Criminals have noticed the cloud: attacks on providers on the rise

Some types of attack reaching data centre levels

The number of cyberattacks directed at cloud infrastructure is still below that experienced by on-premises data centres but will probably reach parity at some point, an analysis by security-as-a-service provider Alert Logic has suggested.

The firm's Cloud Security Report [reg required] looked at 232,364 verified security incidents at 2,212 organizations in North America and Western Europe over a 6-month period last year using the firm's own intrusion system, finding a predictable rise in attacks across all environments.

The top attack types for cloud hosting providers (CHPs), which formed 80 percent of the sample, centred on brute force attacks on credentials and scans for vulnerable software, both seen by seen by 44 percent of its customers. This find is significant because for the first time the numbers roughly match the percentage of customers reporting such incidents in on on-premises data centres.

Malware and botnet attacks, long the bane of mainstream data centre IT, are also rising fast against CHPs, which Alert Logic puts down to a greater use of desktop virtualisation and mobile applications; at 11 percent of organisations they are still well below the 56 percent rate for on-premises.

The company also set up cloud honeypots to gain some insight into the type of attacks being experienced, uncovering a pretty standard range of attacks on applications such as MicrosoftSQL, MySQL, HTTP, FTP, which varied by geography for reasons that have nothing to do with the cloud itself.

What this all means is that neither environment is inherently more or less secure. Both are under attack and as cloud adoption increases so the attacks on it will grow too.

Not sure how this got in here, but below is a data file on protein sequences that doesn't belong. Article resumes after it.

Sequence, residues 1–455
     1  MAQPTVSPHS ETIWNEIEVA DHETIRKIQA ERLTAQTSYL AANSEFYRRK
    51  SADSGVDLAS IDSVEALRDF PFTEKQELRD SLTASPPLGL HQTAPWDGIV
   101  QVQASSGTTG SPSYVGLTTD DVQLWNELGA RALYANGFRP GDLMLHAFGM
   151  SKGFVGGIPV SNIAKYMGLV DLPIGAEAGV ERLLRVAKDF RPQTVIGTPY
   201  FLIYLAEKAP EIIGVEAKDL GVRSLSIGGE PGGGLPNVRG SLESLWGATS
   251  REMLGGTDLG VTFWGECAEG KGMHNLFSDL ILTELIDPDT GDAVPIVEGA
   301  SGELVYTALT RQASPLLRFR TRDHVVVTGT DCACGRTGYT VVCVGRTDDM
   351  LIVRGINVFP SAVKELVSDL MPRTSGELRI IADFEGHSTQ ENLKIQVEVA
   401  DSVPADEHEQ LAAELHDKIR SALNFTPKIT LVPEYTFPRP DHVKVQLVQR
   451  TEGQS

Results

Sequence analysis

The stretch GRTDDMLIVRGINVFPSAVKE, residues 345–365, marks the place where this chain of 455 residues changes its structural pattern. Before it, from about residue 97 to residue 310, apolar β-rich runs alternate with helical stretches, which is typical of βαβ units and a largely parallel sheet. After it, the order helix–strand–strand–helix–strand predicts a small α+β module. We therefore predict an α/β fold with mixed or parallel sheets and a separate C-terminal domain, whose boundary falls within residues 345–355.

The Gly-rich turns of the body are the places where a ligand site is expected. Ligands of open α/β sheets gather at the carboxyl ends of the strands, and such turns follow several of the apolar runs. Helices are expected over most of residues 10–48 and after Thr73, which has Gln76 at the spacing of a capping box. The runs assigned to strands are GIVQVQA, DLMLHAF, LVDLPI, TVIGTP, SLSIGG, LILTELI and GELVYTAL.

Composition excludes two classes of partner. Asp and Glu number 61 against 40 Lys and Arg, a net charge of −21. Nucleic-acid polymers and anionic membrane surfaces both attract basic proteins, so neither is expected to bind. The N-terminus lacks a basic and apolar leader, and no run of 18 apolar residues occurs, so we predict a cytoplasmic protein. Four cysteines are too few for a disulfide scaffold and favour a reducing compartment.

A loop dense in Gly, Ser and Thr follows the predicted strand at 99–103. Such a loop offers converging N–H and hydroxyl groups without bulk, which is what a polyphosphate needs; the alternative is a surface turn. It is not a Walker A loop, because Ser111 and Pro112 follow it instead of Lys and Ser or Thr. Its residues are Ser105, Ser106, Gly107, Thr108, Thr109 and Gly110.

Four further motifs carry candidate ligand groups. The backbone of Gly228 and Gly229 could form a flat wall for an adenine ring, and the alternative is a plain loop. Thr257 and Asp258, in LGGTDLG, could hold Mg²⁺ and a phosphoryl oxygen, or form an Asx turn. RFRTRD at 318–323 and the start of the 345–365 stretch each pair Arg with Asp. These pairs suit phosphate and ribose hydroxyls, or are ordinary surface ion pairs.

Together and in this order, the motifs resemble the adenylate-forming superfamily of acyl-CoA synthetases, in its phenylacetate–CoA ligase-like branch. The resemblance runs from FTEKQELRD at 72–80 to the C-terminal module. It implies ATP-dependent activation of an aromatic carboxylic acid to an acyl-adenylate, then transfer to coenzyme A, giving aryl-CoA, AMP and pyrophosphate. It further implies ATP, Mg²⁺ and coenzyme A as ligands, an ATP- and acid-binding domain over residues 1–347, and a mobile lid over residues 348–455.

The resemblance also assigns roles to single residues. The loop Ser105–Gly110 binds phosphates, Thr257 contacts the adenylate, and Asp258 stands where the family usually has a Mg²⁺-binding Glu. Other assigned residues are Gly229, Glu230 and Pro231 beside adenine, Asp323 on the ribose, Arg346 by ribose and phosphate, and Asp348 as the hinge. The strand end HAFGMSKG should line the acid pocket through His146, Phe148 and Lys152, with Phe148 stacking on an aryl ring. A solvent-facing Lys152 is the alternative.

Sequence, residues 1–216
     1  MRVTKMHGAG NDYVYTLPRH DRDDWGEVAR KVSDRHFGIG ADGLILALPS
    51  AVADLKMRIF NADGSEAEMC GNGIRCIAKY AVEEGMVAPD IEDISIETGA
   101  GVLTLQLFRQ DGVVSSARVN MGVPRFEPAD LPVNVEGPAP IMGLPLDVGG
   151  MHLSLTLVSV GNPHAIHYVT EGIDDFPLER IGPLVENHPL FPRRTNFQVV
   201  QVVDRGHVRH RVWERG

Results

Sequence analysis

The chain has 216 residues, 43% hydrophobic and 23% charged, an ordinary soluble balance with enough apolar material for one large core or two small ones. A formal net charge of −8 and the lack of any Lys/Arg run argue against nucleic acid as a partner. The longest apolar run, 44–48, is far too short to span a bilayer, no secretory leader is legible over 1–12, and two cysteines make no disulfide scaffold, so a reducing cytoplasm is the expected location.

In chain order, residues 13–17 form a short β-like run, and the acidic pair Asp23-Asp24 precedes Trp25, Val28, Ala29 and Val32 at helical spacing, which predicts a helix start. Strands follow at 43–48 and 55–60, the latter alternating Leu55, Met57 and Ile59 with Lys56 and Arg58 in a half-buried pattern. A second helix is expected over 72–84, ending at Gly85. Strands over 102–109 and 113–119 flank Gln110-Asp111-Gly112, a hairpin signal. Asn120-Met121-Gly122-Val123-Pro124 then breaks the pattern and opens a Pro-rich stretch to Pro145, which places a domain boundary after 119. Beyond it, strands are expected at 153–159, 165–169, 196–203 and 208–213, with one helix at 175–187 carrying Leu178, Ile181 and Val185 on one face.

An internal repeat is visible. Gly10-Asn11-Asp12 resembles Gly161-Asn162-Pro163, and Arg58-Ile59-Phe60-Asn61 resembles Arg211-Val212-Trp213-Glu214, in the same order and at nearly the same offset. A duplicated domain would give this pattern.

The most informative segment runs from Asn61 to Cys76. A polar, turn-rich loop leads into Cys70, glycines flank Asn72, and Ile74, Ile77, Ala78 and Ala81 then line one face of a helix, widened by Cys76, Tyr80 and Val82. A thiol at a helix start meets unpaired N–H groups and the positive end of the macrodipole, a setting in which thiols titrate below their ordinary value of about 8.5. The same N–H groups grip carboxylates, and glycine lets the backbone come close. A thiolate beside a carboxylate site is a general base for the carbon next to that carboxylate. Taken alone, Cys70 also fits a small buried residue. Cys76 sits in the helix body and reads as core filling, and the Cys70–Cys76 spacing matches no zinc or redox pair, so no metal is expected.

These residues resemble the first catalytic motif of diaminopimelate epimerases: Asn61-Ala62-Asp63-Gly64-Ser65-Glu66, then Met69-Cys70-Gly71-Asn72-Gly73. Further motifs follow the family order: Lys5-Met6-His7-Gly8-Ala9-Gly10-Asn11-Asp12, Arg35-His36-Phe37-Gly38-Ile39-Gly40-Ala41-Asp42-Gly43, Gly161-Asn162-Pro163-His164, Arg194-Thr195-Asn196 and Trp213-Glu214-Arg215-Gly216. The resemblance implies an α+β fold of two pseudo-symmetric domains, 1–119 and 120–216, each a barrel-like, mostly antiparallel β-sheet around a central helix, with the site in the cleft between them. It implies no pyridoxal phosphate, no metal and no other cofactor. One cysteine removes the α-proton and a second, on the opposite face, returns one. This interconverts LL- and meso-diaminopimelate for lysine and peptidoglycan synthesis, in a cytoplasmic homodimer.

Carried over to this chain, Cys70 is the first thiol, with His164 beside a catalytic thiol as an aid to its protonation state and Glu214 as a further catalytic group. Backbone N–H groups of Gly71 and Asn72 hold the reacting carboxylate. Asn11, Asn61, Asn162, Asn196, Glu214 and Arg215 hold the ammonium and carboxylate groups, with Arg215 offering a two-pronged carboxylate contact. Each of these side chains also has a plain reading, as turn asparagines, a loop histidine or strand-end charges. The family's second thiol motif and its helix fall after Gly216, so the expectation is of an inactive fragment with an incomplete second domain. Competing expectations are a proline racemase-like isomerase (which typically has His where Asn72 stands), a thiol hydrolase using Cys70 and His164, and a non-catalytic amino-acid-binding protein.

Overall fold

"Our intelligence suggests that the observed increase in cloud attacks is correlated to the growth of cloud adoption in the enterprise," said Alert Logic's chief security evangelist, Stephen Coty.

"As more enterprise workloads have moved into cloud and hosted infrastructures, some traditional on-premises threats have followed them. This reinforces the necessity for enterprise-grade security solutions specifically designed to protect cloud environments."

On the other hand, an attack on cloud infrastructure will not always be as visible, something that spells danger for enterprises.

"People do not have enough understanding of the shared security responsibility with the cloud provider," said Coty. "You have to treat the cloud like on-premises."

CHPs would provide security only up to certain layers, for instance the hypervisor. Securing the operating system and application would fall to the customer, he said.

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